(1868 - 1913)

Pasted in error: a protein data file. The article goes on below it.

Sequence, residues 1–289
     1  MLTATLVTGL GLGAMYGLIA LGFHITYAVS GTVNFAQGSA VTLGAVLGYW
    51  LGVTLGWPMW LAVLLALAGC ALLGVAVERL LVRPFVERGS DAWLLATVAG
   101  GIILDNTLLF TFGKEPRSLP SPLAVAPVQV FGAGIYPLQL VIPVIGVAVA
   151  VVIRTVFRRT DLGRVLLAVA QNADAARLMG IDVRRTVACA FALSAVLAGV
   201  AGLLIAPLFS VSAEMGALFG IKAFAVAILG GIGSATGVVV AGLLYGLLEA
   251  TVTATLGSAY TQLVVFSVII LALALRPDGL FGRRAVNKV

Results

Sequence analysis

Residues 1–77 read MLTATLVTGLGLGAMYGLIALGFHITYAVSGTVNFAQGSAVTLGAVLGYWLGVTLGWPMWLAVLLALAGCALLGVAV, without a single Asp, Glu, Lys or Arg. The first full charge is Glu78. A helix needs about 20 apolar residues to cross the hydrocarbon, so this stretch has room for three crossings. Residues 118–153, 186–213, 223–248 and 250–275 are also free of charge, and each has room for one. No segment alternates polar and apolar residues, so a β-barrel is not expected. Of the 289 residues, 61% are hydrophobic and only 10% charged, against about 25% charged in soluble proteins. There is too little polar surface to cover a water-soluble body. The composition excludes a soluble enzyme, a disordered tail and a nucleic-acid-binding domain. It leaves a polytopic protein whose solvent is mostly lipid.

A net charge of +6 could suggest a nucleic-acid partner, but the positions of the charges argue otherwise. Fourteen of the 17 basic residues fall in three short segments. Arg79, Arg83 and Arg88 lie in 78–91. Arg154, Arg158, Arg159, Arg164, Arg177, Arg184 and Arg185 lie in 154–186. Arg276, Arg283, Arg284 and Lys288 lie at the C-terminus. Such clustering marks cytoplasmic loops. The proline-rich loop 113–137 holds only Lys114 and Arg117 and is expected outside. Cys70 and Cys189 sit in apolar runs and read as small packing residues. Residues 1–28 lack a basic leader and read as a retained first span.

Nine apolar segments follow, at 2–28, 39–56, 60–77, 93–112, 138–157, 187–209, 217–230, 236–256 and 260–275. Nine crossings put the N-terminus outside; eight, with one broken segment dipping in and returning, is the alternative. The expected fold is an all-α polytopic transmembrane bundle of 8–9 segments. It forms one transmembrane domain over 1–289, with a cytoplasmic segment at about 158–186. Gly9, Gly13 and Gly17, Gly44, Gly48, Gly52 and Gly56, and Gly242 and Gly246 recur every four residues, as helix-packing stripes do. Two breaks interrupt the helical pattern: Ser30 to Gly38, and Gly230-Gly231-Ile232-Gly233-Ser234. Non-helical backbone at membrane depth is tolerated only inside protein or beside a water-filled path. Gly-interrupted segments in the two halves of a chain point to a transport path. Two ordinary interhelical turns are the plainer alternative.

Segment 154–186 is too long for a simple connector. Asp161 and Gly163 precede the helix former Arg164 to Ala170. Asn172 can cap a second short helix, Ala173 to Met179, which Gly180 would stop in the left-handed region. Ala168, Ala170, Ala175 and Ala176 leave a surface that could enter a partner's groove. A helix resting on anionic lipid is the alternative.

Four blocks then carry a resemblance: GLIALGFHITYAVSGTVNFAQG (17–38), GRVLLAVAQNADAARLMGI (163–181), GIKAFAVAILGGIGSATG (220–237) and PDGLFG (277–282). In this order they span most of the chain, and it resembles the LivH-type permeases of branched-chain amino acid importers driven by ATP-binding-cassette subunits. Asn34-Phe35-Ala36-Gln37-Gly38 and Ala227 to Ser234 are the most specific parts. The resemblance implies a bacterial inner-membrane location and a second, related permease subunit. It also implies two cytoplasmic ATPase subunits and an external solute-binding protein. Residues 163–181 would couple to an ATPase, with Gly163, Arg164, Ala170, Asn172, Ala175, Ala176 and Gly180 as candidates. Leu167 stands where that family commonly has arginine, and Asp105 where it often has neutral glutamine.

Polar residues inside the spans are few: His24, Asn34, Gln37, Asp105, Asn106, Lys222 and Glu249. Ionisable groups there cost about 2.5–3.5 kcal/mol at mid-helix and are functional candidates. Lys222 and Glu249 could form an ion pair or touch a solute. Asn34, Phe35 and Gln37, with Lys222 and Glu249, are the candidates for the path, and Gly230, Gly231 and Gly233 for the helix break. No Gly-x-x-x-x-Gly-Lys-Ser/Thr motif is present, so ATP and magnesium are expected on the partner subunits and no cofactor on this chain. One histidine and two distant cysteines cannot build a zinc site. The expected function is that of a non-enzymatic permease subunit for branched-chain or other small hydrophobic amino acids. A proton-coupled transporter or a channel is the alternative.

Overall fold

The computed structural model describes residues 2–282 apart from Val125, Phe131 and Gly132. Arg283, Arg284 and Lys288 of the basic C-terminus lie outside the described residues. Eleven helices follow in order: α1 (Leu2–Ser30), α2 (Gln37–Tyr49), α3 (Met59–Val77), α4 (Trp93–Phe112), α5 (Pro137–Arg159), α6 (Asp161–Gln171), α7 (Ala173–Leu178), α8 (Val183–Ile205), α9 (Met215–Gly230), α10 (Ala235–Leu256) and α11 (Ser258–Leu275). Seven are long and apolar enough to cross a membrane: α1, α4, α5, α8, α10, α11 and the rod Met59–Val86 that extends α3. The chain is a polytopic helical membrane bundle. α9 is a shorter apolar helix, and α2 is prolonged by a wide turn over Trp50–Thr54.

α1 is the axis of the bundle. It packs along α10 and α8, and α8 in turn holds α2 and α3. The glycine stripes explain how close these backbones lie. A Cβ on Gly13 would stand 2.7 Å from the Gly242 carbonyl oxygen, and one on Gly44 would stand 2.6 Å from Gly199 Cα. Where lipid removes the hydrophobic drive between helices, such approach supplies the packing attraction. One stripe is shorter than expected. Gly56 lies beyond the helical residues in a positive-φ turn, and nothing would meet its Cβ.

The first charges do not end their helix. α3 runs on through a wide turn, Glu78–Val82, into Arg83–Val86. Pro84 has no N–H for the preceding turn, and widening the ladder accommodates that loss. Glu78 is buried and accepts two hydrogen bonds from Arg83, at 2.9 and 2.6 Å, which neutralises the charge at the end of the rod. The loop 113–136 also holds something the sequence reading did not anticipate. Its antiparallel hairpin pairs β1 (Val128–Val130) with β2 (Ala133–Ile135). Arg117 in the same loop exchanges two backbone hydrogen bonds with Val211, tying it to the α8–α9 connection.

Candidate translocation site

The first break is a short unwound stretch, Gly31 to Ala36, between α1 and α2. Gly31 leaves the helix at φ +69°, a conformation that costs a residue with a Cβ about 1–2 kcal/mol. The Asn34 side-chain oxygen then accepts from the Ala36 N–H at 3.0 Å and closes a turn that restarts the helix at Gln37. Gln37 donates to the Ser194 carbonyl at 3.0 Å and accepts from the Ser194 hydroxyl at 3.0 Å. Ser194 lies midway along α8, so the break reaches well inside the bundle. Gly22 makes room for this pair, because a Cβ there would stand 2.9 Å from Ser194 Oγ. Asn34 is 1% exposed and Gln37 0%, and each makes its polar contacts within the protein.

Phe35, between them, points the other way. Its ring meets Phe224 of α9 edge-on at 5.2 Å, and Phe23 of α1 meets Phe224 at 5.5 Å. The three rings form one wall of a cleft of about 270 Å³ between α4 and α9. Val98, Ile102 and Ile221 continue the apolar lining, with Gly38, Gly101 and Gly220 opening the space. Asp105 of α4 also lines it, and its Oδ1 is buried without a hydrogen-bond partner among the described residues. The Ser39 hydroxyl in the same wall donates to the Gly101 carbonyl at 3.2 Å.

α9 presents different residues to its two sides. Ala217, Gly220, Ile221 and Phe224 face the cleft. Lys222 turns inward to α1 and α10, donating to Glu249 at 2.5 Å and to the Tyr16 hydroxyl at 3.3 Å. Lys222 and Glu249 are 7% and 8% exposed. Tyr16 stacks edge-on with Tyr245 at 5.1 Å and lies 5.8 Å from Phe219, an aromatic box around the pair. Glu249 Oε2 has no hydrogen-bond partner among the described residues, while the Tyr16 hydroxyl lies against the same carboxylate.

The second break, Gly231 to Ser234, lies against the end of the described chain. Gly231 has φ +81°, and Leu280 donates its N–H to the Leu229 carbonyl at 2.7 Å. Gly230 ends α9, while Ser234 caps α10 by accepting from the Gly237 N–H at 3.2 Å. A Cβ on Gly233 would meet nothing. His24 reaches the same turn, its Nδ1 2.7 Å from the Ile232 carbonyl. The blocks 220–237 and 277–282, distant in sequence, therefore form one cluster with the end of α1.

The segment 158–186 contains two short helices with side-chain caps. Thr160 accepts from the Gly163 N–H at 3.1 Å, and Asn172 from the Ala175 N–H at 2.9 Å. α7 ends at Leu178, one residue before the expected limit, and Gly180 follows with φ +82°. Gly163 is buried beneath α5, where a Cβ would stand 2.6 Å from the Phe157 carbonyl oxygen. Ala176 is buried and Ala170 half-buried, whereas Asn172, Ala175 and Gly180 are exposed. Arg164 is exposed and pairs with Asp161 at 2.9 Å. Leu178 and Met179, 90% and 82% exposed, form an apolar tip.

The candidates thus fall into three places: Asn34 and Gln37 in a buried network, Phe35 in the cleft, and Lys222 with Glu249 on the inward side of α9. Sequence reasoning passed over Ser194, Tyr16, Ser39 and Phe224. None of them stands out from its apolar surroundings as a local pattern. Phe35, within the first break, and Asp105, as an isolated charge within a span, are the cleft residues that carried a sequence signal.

Louis Akin was born and raised in Portland, Oregon, after his grandparents followed the Oregon Trail from Iowa in 1852. The aspiring artist worked initially as a sign painter, saving for a move to New York, where he studied with such well-known artists as William Merritt Chase and Frank Vincent DuMond. Akin arrived in the Southwest in 1903 after William Haskell Simpson, the chief of the advertising department for the Santa Fe Railroad, offered him transportation to Arizona in exchange for a commitment to paint scenes of the Hopi Indians. Akin eagerly accepted, and for many months he rented a room at the Hopi Pueblo of Oraibi, learning the language and dressing in Hopi manner. These works garnered critical and economic success for the artist, who continued to work in Arizona for several years. Later, Akin received an important commission to paint a series of panels at the American Museum of Natural History in New York. However, in the middle of the project he became ill. Akin died before the series could be completed.